The information on the Cordobes Flamenco dance club described the performance in these words. Flamenco does not tell a particular story, but speaks of the human condition in general or everyday life. It is music and dance, created in its purest form. The continuous improvisation from the artist, and the mystery of “Duende”; the playful interaction between guitar, song and dance create a dialogue with each other, which is inspired and created through intuition.”  Flamenco is performed in religious festivals, rituals, and church ceremonies and in private celebrations in Spain. In 2010, Flamenco made it to the list of UNESCO’s List of the Intangible Cultural Heritage of Humanity.

A work of art, an architectural miracle: Sagrada Familia.

In our experience, the most convenient, reliable, safe and inexpensive way to explore a new city is being on a Hop-on-Hop-off bus. The bus ride on its particular route gives an idea of interesting places in the city. From then on, we chose the places to explore at our convenience and pace. In Barcelona, we did so and got off the Hop-on-Hop-off bus at Sagrada Familia. It was a very windy day in March 2013, but we lined up to buy the entrance ticket. The queue to the ticketing booth was long. By the time we bought our tickets, I was shivering from the cold. Back then, we paid eighteen Euros for our entry tickets with an audio guide.

We approached the door to the basilica with our tickets and noticed its long, wide door, decorated with words from the Bible. Carved letters filled the door from top to bottom. Once inside the building, we were quite surprised by the unique features of the interior work.  I felt that I was in some magical place.  The tall columns inside the building looked like tall trees. In some parts, it seemed the branches have been cut off. Parts of the ceiling had complicated geometric shapes; that resembled like flowers. There were many flowers with different sizes and shapes, like a flower garden. The sunlight reflected from the stained glass windows into the building, painted the walls naturally with shades of colours. It is clear that Gaudi was very inspired by nature when doing the project of Sagrada Familia. Many structural and ornamental pieces in the church resembled trees, flowers, leaves, snails, birds, and humans. The basement level of the building is the museum, showcasing photographs,  sketches and models of the building by Gaudi.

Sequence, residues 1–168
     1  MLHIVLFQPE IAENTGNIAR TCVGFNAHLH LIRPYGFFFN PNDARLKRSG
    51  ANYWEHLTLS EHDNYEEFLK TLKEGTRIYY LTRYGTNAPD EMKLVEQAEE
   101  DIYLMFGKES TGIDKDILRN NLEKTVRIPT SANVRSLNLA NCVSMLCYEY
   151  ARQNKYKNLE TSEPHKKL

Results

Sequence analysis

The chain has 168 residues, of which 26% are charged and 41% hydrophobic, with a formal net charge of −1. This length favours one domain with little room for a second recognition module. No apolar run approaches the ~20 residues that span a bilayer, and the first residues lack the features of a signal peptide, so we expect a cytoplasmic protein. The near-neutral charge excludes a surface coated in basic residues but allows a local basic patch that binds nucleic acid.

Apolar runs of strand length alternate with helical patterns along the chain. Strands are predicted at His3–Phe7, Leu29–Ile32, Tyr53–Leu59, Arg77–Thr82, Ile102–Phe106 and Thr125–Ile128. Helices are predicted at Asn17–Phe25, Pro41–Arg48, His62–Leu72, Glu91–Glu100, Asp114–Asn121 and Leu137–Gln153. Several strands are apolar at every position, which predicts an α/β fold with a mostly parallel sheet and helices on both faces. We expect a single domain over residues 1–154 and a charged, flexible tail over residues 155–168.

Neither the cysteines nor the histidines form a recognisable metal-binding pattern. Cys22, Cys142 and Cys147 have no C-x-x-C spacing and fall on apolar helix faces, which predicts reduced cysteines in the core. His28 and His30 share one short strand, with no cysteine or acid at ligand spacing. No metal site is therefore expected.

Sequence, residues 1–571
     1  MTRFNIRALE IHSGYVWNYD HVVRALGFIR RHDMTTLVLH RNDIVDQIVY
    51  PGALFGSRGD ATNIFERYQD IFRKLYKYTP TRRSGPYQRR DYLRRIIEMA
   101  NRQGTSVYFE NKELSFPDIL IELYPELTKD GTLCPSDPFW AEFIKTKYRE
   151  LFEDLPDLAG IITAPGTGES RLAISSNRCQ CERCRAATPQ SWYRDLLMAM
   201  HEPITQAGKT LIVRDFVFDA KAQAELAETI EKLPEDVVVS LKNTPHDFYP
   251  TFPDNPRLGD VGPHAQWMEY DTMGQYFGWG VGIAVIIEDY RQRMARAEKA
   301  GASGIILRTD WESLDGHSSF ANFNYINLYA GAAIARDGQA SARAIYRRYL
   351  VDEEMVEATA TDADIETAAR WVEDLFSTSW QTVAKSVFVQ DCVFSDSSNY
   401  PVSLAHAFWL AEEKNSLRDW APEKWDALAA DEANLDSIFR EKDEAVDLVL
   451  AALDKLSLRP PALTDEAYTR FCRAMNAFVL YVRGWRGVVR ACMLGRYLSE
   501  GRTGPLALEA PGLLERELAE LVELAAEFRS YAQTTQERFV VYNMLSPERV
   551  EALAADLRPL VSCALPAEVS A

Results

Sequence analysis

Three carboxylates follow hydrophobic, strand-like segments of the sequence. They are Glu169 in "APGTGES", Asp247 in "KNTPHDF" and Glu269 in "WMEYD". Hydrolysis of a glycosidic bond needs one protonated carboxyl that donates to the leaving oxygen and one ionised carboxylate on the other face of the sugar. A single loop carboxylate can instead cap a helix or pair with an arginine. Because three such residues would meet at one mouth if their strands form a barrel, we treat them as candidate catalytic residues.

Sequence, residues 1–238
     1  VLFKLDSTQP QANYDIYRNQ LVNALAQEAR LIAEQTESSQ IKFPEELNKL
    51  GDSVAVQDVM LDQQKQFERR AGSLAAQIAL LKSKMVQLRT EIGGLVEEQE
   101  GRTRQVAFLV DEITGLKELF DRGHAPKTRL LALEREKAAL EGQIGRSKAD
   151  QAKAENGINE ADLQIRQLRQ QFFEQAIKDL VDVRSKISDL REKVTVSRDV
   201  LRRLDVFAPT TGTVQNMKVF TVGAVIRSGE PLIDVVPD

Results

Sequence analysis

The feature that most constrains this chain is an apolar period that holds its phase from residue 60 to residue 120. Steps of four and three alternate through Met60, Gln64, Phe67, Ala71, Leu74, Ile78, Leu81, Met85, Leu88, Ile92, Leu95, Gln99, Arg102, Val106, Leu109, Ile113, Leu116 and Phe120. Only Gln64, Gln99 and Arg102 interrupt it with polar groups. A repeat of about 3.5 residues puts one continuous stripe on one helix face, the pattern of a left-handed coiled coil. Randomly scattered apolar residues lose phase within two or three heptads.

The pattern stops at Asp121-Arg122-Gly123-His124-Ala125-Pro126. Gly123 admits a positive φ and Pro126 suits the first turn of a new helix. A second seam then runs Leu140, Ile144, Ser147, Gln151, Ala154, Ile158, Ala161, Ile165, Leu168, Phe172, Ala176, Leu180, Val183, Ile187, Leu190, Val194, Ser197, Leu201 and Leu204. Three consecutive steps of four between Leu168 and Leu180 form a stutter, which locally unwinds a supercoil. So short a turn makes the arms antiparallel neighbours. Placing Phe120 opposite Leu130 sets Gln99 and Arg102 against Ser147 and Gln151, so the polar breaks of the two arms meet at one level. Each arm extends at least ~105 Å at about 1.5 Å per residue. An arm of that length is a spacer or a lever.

Sagrada Familia is in Mallorca district in Barcelona. The famous Spanish architect and artist, Antoni Gaudi designed the unusual, gothic style church. The church’s construction work began in the year 1884 with the financing from donations. Gaudi himself had been employed on the project for twelve years before he died in a tram accident in 1926. At the time of his death, the building was incomplete. According to the narration, Gaudi’s has said;  “The expiatory church of La Sagrada Família is made by the people and is mirrored in them. It is a work that is in the hands of God and the will of the people.”  At the time of his words, no one may have imagined it would take 130 years to complete what Gaudi started. According to the information booklet, we have from 2013; the church will fully be completed by the year 2025.  Its funding comes from over two million visitors who visit Sagrada Familia every year.